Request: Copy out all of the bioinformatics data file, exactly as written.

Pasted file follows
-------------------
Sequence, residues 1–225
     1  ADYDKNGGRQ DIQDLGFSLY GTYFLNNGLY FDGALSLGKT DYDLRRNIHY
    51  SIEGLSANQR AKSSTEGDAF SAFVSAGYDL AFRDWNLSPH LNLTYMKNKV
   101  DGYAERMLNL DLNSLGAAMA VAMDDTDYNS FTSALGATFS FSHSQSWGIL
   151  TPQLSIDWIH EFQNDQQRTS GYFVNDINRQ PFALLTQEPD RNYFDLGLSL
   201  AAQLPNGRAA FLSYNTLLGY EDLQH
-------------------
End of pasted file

Sequence, residues 1–225
     1  ADYDKNGGRQ DIQDLGFSLY GTYFLNNGLY FDGALSLGKT DYDLRRNIHY
    51  SIEGLSANQR AKSSTEGDAF SAFVSAGYDL AFRDWNLSPH LNLTYMKNKV
   101  DGYAERMLNL DLNSLGAAMA VAMDDTDYNS FTSALGATFS FSHSQSWGIL
   151  TPQLSIDWIH EFQNDQQRTS GYFVNDINRQ PFALLTQEPD RNYFDLGLSL
   201  AAQLPNGRAA FLSYNTLLGY EDLQH